Stamp duty

You’ll need to pay Stamp Duty Land Tax (SDLT) when buying a property over a certain amount. We explain how stamp duty works, when it applies, how to pay it and the cuts in stamp duty because of coronavirus.

You’ll need to pay Stamp Duty Land Tax (SDLT) when buying a property over a certain amount. We explain how stamp duty works, when it applies, how to pay it and the cuts in stamp duty because of coronavirus.

Mark Gordon
From the Mortgages team
4
minute read
Do you know someone who could benefit from this article?
Posted 1 JULY 2021

What is stamp duty? 

Stamp duty is a tax that you need to pay when you buy a property in England or Northern Ireland. In Scotland, it’s known as Land and Buildings Transaction Tax, and in Wales it’s called Land Transaction Tax. The amount of stamp duty you pay is calculated using the purchase price of a property, not the amount you’re borrowing through a mortgage

What is a stamp duty threshold?

Stamp duty thresholds are simply the limits to when and which charges apply. If you buy a property for less than the base threshold, you won’t pay any stamp duty, whereas if the property you’re buying exceeds other thresholds, you’ll need to pay more.

What is the stamp duty holiday?

In response to the COVID-19 pandemic, the Government introduced a stamp duty holiday for England and Northern Ireland, cutting stamp duty on homes bought from 8 July 2020 until the end of June 2021.

Stamp duty only needed to be paid on the cost of a property above £500,000 in England and Northern Ireland.

From 1 July to 30 September, the cut in stamp duty is being phased out, and the tax needs to be paid on the cost of properties over £250,000.

The stamp duty bands work like this:

  • Nothing on the first £250,000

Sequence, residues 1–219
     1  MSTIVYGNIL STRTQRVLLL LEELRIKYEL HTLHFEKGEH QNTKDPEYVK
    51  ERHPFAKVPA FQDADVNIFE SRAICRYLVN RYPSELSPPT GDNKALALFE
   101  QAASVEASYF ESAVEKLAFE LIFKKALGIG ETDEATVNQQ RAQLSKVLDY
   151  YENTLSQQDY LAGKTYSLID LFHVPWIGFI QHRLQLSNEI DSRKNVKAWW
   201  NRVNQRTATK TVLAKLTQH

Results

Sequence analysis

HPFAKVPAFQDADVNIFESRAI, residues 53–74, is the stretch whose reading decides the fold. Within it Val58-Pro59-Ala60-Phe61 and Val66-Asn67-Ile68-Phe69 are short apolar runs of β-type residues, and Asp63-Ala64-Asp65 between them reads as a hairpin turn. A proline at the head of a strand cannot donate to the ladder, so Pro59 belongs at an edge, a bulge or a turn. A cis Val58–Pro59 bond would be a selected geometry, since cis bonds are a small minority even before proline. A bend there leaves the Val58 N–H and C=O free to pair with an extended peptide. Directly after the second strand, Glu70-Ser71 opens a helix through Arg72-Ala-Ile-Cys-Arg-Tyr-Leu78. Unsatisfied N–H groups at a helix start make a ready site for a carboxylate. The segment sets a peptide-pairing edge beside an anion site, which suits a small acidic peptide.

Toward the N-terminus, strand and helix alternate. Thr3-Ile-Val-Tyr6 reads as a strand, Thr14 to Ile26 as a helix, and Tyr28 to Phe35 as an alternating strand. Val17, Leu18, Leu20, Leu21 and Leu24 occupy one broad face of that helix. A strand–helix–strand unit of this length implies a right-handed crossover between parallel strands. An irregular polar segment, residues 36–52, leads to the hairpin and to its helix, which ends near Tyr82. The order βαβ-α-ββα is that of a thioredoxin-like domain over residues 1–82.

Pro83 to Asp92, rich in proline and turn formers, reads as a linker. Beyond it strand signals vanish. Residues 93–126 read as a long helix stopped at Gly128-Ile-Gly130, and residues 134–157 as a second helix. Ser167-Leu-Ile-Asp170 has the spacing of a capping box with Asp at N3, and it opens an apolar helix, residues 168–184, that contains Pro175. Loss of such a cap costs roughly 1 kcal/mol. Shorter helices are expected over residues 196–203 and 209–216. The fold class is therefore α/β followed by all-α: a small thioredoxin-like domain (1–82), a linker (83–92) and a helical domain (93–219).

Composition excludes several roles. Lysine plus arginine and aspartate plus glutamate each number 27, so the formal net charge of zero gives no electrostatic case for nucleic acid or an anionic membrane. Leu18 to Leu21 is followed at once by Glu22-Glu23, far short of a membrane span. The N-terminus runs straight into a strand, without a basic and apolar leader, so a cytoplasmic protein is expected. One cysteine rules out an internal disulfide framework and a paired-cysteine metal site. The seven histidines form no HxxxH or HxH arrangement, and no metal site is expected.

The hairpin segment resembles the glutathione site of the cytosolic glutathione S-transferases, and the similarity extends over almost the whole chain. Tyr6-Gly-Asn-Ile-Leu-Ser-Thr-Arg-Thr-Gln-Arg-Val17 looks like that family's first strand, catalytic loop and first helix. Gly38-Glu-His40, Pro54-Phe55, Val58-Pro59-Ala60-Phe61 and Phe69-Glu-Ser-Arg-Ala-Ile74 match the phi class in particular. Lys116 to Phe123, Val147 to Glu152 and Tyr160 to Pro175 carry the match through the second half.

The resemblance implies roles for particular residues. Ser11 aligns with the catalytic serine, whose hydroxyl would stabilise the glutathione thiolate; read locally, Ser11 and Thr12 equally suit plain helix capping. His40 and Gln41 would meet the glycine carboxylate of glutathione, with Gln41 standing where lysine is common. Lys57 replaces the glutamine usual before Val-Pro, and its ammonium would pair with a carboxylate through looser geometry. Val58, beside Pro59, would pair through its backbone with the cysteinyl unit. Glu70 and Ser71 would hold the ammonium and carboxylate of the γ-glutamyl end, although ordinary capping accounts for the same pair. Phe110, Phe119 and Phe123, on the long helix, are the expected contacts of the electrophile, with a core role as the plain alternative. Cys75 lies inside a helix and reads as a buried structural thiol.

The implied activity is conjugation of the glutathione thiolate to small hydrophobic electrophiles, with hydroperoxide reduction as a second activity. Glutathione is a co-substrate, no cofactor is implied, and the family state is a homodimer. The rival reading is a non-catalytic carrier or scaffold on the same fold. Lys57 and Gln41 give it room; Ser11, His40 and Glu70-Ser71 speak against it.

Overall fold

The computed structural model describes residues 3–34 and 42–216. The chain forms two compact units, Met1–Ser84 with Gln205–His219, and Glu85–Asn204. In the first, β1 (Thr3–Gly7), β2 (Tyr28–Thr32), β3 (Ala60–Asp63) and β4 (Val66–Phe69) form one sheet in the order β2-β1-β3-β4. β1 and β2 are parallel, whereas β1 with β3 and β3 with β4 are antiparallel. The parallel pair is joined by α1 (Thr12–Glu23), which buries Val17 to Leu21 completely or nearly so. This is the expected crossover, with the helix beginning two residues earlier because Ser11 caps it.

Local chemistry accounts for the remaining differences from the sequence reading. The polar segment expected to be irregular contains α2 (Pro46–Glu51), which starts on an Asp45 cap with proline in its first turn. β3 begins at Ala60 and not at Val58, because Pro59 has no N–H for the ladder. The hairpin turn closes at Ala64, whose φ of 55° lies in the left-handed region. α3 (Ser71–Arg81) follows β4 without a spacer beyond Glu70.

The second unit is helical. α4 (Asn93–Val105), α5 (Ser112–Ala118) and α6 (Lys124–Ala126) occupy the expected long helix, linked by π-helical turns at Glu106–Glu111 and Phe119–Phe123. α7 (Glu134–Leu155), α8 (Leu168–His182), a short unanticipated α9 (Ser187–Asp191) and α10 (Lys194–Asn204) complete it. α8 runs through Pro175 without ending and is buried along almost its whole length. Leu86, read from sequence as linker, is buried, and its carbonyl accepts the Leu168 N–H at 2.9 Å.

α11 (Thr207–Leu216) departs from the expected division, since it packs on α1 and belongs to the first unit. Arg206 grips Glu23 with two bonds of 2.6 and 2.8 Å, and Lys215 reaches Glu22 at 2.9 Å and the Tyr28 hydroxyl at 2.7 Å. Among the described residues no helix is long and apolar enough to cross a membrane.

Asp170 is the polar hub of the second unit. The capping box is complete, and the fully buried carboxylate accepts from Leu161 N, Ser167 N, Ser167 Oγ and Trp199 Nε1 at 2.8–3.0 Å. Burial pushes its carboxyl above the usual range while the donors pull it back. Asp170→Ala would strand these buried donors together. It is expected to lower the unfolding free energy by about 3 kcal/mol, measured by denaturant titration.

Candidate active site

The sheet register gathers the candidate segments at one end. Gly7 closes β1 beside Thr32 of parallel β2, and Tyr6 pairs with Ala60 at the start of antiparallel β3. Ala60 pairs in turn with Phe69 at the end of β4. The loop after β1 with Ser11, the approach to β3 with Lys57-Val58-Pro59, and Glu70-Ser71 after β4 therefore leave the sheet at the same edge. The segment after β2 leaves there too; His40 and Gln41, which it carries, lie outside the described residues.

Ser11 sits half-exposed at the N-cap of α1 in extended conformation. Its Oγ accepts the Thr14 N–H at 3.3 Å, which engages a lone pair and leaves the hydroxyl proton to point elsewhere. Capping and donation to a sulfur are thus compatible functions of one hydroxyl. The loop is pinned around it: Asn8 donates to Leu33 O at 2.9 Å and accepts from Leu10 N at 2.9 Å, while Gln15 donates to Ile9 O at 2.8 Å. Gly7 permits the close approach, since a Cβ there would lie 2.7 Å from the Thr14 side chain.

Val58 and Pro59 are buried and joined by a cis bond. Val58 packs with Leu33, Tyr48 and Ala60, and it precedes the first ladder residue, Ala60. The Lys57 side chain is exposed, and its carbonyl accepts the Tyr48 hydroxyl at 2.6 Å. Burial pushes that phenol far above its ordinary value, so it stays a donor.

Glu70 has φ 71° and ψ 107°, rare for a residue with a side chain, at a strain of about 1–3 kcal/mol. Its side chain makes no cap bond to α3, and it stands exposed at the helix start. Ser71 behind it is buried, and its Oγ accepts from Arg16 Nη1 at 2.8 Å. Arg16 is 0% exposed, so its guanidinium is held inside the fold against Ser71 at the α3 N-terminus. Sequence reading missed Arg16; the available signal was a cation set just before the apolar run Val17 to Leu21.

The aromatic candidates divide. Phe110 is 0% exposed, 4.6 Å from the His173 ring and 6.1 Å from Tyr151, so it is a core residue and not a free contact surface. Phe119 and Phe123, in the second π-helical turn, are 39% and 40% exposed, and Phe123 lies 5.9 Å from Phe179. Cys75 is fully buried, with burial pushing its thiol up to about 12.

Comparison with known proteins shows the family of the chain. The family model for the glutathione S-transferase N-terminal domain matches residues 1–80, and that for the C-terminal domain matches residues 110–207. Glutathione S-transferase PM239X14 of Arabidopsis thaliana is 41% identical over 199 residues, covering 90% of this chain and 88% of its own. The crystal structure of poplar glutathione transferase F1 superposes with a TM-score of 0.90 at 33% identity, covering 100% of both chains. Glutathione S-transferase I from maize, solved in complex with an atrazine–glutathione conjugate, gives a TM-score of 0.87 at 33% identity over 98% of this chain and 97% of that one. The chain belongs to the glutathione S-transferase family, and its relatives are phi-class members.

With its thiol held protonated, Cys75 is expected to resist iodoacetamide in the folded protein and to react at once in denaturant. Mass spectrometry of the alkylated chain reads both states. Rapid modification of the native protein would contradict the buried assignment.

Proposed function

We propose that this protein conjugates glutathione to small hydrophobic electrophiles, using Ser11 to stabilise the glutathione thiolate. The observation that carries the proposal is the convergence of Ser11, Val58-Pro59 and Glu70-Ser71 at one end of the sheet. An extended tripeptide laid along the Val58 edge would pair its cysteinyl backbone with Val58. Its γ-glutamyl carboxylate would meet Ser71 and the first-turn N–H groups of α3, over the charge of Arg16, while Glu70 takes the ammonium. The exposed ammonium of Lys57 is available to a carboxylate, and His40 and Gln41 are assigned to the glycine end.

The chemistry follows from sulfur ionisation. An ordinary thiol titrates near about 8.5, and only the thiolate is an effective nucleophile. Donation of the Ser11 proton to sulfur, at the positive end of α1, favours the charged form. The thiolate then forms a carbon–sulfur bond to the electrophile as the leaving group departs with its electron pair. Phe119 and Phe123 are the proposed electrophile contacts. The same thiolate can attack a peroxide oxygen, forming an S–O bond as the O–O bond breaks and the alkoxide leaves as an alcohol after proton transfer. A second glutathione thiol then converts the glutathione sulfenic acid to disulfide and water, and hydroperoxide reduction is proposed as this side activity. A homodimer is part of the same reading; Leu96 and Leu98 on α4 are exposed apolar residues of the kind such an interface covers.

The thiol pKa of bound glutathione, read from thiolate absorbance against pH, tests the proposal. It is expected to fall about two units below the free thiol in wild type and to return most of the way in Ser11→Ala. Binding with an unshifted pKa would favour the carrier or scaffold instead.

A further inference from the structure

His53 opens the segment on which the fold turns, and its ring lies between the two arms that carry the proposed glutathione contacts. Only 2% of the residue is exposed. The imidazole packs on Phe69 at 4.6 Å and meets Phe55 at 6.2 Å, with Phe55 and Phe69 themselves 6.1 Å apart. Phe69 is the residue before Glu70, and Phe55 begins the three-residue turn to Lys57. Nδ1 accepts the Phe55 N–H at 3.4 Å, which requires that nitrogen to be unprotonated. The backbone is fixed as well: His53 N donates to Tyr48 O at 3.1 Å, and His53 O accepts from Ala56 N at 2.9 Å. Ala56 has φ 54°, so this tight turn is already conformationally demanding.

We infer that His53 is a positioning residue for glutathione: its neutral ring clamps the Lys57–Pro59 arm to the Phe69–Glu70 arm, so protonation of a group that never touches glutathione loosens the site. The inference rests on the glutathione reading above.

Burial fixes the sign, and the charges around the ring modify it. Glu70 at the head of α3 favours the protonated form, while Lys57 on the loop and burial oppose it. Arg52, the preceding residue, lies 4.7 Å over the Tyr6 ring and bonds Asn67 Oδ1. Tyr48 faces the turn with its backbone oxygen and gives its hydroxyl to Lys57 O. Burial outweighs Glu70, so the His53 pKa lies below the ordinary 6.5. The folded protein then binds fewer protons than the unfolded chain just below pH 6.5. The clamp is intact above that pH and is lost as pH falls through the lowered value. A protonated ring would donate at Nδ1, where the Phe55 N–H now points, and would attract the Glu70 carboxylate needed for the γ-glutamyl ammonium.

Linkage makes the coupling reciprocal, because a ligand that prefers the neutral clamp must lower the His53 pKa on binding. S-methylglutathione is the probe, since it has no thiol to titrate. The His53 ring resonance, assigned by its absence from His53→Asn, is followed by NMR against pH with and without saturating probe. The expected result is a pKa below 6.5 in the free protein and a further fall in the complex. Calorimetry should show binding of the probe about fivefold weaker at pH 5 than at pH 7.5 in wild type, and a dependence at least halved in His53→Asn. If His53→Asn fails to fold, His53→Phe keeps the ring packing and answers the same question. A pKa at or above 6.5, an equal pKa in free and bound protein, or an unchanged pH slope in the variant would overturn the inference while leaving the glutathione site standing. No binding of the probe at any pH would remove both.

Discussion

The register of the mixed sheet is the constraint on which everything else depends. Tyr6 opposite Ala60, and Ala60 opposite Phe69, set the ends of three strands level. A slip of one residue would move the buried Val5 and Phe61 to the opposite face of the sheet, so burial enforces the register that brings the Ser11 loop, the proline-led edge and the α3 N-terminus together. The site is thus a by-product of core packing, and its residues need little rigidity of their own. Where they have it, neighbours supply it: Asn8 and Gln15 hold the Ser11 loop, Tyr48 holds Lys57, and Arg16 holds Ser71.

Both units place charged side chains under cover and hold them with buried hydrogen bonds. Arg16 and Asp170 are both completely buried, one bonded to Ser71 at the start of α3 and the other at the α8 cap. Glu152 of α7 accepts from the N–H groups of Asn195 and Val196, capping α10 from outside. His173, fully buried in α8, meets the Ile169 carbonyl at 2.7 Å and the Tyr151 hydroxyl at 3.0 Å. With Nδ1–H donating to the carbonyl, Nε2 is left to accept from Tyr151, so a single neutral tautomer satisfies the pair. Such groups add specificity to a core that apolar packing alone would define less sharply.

• 5% on £250,001 to £925,000
  • 10% on £925,001 to £1.5 million
  • 12% over £1.5 million

Under normal circumstances, and from 1 October 2021, stamp duty is payable on properties over £125,000, except for first-time buyers who are exempt from stamp duty on home purchases up to £300,000 in England and Northern Ireland. So, normally, stamp duty bands work like this:

  • Nothing on the first £125,000
  • 2% between £125,001-£250,000
  • 5% between £250,001 and £925,000
  • 10% between £925,001 and £1.5 million
  • 12% above £1.5 million
See more on the stamp duty holiday

When does stamp duty apply?

Ordinarily, you should expect to pay stamp duty on all property purchases, including leasehold property and purchases that don’t involve a mortgage. So when buying a home, you need to consider whether you’ll be able to afford the stamp duty on top of all the other costs involved.

There’s only a few exemptions to the need to pay stamp duty, and these include:

  • When a portion of a home is transferred to a spouse or partner following a separation or divorce.
  • When you transfer the deeds of your home to another person as a gift.
  • If you fall into the first-time buyer category and are buying a home for up to £300,000.

When do you have to pay stamp duty?

Once you’ve bought your new home, you’ll need to file a stamp duty land tax return and pay the amount due within 14 days in England and Northern Ireland. If you don’t do this within 14 days, you’ll probably be charged penalty fees by HMRC.

How to pay stamp duty

Most of the time, your solicitor will sort this out for you. However, if you’d rather do it yourself, you’ll need to fill out and submit a stamp duty land tax return form. Make sure you do it within the set time to avoid penalty fees.

How can I calculate stamp duty?

The cut in stamp duty is currently being phased out. We show how stamp duty is calculated between 1 July and 30 October, and how it will be after the stamp duty holiday.

 

Stamp duty from 1 July to 30 September 2021

Stamp duty rates from 1 October 2021

Property price

Stamp duty rate

Property price

Stamp duty rate

up to £250,000

Zero

up to £125,000

Zero

portion from £250,001 to £925,000

5%

portion from £125,001 to £250,000

2%

portion from £925,0001 to £1.5 million

10%